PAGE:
Stocks tread water in the dog days of summer
Stocks in the US started off on a sour note on the heels of Asia’s disappointing equity performance which had the Nikkei down near 4%. Investors seemed to shrug off Tuesday better than expected trade deficit which will likely have a number of analysts increasing their second quarter GDP growth numbers.
On Tuesday the Commerce Department said that the US trade gap fell more than 22% during the month, to $34.2 billion from $44.1 billion. Exports notched their sharpest rise since September 2012, hitting their highest level, on record. Imports fell as well.
The driving force behind the recent strength was the domestic energy industry. Imports of fuel oil and other petroleum products fell, while exports of both rose. The trade deficit in petroleum products fell by almost $2.2 billion from May to $10.23 billion; the trade deficit in non-petroleum products fell by $5.93 billion to $37.38 billion.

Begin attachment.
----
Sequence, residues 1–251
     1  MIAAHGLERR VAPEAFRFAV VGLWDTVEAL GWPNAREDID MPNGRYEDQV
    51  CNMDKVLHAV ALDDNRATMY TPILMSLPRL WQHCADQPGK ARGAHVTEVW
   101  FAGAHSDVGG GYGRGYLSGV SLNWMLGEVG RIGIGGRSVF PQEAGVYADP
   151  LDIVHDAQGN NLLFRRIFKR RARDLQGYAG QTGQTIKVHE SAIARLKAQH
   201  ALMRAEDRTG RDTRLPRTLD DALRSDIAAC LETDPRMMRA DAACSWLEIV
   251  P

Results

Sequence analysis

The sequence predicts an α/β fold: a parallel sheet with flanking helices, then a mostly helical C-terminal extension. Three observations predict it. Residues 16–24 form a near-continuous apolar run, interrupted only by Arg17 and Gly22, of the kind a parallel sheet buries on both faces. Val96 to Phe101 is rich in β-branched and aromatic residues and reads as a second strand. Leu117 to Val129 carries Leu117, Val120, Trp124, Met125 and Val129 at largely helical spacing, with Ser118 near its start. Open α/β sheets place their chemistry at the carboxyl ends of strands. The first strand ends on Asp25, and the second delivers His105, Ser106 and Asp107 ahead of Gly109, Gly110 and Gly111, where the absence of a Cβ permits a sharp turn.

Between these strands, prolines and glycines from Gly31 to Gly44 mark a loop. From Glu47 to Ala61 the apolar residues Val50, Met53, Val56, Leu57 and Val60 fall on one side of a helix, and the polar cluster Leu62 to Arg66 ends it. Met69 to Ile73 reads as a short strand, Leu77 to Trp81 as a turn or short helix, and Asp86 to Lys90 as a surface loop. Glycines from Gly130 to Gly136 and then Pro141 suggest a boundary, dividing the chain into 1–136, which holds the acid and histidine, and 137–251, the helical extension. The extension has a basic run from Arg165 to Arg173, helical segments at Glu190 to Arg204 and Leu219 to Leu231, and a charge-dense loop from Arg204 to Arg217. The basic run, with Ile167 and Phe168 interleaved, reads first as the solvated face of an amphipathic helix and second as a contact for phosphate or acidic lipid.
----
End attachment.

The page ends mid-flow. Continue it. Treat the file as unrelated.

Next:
Stocks have been on the defensive for the last three trading session as investors wrestle with the idea that the Fed could reduce its bond purchases after their September 2013 meeting. Yields declined on Wednesday giving investors some breathing room as rates have increased more than 120 basis points since May.
The S&P 500 index was able to hold support near the 20-day moving average at 1690. A close below this level would likely lead to a test of support near 1680. Resistance on the large cap index is seen near 1710. Momentum on the S&P 500 is reflecting consolidation despite the fact that the index has generated a sell signal. The RSI (relative strength index) has declined from recent overbought levels above 70 and is now printing at 57 which is in the middle of the neutral range reflecting a consolidative market.
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